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New York State Adopts Amendments to Pay Transparency Law

UPDATE: Governor Hochul has signed the below amendments into law – the amended New York State pay transparency rules will become effective September 17, 2023.

Coming on the heels of Governor Hochul signing into law New York State’s pay transparency law on December 21, 2022—which we reported on here—the New York State Legislature recently approved chapter amendments to the law, which is still slated to take effect on September 17, 2023.  Governor Hochul recently signed these changes into law.

Arguably, the amendments’ most notable revision requires New York employers to disclose the compensation range and job descriptions for advertisements of a job, promotion, or job opportunity that “will physically be performed outside of New York but reports to a supervisor, office, or other site in New York.”  Such disclosures are now required in addition to those positions that will be physically performed in New York (which are already covered by the law).  In practice, this could extend the law’s disclosure requirement to advertisements for any remote position performed outside of New York that “reports” to an individual or office located in New York.  The amendments do not provide any clarity on the contours of what constitutes “report[ing] to” in this context.  Notably, New York City’s law (which we reported on here and here), excludes such positions from its transparency requirements.

The newly enacted amendments also expand the definition of “advertising” to include positions that are made “available to a pool of potential applicants for internal or public viewing, including electronically, a written description of an employment opportunity.”  While a relatively minor addition, this amendment ensures that “advertise” includes both internal and external, electronic and paper, advertisements for covered opportunities.

Finally, the newly enacted amendments remove the law’s record-keeping requirements, which previously required employers to keep and maintain records to comply with the law, including but not limited to: (i) the history of compensation ranges for each job, promotion, or transfer opportunity; and (ii) the job descriptions for such positions (to the extent they exist).  The amendments eliminate this requirement, which, as we previously reported, was somewhat vague with respect to what constituted “necessary records.” 

With Governor Hochul’s recent signature of these amendments, the revised law has the potential to significantly expand the breadth and reach of the disclosure requirements (although it does eliminate the record-keeping requirements).  New York City employers must now grapple with compliance across two regimes – one from the City and one from the State – that are beginning to look more discordant.  And, to make matters even murkier, further changes may be afoot in New York City as well – a recent initiative was introduced in New York City Council that could amend the City’s pay transparency law to require the disclosure of non-salary wage information such as bonuses, benefits, stocks, bonds, options and equity or ownership interests.  Although the initiative is in its infancy, if passed, New York City’s pay transparency regime could begin to look more similar to those in Colorado and Washington which require significantly more information to be disclosed in job advertisements.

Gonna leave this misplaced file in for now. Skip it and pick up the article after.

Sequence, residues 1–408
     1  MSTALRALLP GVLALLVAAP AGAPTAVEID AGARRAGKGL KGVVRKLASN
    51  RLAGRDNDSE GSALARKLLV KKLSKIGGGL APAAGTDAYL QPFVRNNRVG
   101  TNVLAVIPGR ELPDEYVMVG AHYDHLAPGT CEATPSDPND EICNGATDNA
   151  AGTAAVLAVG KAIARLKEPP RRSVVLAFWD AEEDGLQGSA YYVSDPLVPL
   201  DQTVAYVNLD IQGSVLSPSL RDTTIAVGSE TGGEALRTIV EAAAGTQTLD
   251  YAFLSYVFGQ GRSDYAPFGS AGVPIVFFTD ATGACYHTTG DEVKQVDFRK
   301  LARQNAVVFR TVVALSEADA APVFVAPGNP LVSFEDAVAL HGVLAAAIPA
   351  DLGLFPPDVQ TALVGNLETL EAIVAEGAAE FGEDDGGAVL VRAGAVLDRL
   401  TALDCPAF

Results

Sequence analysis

©1994-2023 Mintz, Levin, Cohn, Ferris, Glovsky and Popeo, P.C. All Rights Reserved.National Law Review, Volume XIII, Number 80

About this Author


Evan litigates a wide array of employment disputes before state and federal courts as well as administrative agencies. Evan has experience handling matters at all phases of the litigation process and also assists clients in resolving their disputes through mediation and settlement.

Evan’s practice also includes advising clients on a range of issues, including compliance with federal, state, and local employment laws as well as drafting and negotiating employment agreements.

Prior to joining Mintz, Evan was an associate...

Corbin Carter Employment Attorney Mintz Law Firm

Corbin counsels clients and litigates all types of employment disputes before federal and state courts. He has experience handling all stages of the litigation process and resolving disputes through mediations and settlements. His practice also encompasses negotiating and drafting employment and separation agreements; advising clients on compliance with federal, state, and local employment laws; and conducting internal investigations.

Prior to joining Mintz, Corbin was an assistant corporation counsel within the Labor and Employment Law Division of the New York City Law Department....

Michael S. Arnold, Mintz Levin Law Firm, Labor Law Attorney
Member / Chair, Employment, Labor & Benefits Practice

Michael Arnold is Chair of the firm's Employment, Labor & Benefits Practice.  He is an employment lawyer who deftly handles a wide array of matters. His capabilities include counseling on everyday HR life cycle issues, defending management and senior executives in connection with employment-related proceedings, and assisting companies navigate the complex employment issues that arise in transactions.  Michael’s clients appreciate his strong emphasis on providing not just legal advice, but also practical advice, that aligns with organizational and HR strategies while...